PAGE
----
Fuzzy Vic Ed/Acer Numbers
Thu, 29 Oct 1998 13:29:29 +1100
This report is at
Acer's promise of $15m in R&D
By GARRY BARKER
VICTORIA'S IT and multimedia industries expect to get up to
$15million a year from Acer Computer as a result of a massive
contract reached with the Education Department for the supply of
notebook computers to state school teachers.
Precisely where Acer will spend that money is not yet defined. The
agreement gives Victoria "first right of refusal" of the money that
will spend on research and development, manufacturing, software
development and multimedia production.
Two companies, Acer and Apple, share the $100 million contract to
supply a total of 37,000 notebook machines over the next five years.
I really ought to stop taking these press releases seriously, but
for a moment lets suppose it's real.
This seems to be a $100million contract over five years, shared by
Let's assume that Acer gets half, ie $50million over 5 years or
Now, in return, Acer will spend $15m per year on R&D in Victoria.
So, the Education spends $10m/yr and Acer does $15m/yr in R&D. Oh
Is this discrepency because:
a) it is a beat up by the Education Department
b) there is an error in the press release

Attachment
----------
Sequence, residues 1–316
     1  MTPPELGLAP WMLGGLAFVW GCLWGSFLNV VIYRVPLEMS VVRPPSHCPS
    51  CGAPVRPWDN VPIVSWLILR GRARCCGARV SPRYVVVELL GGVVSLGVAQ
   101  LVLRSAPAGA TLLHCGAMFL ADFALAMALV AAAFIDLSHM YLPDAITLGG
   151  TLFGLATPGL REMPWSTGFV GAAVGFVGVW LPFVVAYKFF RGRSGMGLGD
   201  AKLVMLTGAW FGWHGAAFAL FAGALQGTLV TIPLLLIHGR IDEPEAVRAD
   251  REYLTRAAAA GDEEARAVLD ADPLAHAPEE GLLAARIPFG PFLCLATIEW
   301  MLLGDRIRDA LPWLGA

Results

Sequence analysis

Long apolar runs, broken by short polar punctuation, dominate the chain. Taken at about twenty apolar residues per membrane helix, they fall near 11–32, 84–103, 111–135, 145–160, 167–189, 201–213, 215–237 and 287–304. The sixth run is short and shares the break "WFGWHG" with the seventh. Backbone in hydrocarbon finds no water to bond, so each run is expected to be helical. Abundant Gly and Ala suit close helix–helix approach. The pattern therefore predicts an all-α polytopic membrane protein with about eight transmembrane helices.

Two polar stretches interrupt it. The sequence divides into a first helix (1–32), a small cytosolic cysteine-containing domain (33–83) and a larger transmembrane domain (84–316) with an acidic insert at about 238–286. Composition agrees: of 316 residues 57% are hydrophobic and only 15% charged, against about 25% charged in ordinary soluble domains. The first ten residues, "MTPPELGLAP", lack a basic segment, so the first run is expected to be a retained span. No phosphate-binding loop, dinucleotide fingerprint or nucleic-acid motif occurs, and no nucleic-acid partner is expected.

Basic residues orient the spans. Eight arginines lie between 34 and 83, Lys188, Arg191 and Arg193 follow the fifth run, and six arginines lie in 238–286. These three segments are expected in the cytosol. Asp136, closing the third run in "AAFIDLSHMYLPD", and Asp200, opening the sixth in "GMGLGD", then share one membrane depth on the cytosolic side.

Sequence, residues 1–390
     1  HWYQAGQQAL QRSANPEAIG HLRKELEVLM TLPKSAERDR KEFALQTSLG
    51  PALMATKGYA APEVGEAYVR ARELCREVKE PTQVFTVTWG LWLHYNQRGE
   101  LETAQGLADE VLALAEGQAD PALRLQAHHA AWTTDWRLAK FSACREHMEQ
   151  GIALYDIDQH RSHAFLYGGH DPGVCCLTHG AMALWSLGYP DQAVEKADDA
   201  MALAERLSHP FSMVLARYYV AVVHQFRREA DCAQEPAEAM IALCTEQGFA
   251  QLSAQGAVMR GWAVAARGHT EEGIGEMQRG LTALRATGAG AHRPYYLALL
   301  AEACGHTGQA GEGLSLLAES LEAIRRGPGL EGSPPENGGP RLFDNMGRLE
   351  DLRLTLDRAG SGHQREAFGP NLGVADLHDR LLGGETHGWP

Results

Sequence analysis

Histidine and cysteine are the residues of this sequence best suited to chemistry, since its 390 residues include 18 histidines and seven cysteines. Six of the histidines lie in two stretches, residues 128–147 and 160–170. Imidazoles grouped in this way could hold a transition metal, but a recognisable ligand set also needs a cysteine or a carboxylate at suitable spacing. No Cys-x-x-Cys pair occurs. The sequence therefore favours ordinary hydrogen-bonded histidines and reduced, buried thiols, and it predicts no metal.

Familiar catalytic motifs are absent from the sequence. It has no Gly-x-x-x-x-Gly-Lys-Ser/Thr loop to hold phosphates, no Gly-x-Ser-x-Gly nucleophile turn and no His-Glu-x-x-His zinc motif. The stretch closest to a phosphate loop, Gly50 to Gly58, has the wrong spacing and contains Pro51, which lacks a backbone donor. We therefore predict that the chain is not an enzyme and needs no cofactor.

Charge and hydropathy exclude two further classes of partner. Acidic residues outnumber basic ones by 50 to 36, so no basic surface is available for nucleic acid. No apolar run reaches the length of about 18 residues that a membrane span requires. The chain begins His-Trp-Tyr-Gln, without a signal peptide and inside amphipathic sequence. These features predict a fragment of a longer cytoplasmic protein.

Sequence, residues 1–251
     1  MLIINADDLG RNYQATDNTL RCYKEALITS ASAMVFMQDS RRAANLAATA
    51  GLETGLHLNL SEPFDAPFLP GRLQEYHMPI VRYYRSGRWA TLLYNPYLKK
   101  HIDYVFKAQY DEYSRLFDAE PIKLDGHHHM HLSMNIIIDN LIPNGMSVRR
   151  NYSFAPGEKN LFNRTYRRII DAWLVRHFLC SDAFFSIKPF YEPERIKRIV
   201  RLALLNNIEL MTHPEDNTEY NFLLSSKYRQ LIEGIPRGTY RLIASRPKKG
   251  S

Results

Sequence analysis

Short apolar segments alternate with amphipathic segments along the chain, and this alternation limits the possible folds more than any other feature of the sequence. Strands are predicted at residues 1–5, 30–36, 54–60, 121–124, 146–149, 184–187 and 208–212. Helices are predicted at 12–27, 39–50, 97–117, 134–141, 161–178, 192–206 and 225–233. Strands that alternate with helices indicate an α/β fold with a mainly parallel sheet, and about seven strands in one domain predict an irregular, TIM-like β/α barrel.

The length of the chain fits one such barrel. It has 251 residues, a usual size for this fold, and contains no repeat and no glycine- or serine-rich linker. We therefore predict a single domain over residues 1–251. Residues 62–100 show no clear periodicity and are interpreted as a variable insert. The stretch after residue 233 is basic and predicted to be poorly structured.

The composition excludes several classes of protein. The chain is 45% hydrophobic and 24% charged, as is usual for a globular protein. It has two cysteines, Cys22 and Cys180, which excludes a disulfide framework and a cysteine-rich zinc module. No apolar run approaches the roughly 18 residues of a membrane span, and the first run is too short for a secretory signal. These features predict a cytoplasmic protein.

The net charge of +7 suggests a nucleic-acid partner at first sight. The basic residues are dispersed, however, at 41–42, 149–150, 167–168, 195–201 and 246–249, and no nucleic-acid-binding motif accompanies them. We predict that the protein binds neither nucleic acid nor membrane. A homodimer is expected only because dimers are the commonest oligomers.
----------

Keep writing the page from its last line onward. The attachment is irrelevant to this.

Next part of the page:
c) I did not pay close enough attention to the words "... expect to
get up to $15million a year"
Of course, silly me. The Education Department can expect all they
like and anyway it only says "up to".
So Acer spends (say) 100k/yr.
Commitment met - The Ed Dept expected more (but you cannot be held
responsible for what someone expects, not without a contract. I
wonder if there is one of those. But I doubt it would be available
because of that wonderful concept that governments can hide behind -
commercial-in-confidence) and it was less than $15m.
That's why the Feds are trying to tie down their Industry
Development agreements by the use of contracts. Unfortunately that's
full of holes and has hidden minefields for both parties.
Getting Industry Development right looks like it's stretching the
abilities of both State and Federal pollies.
All the taxes paid over a lifetime by the average American
are spent by the government in less than a second.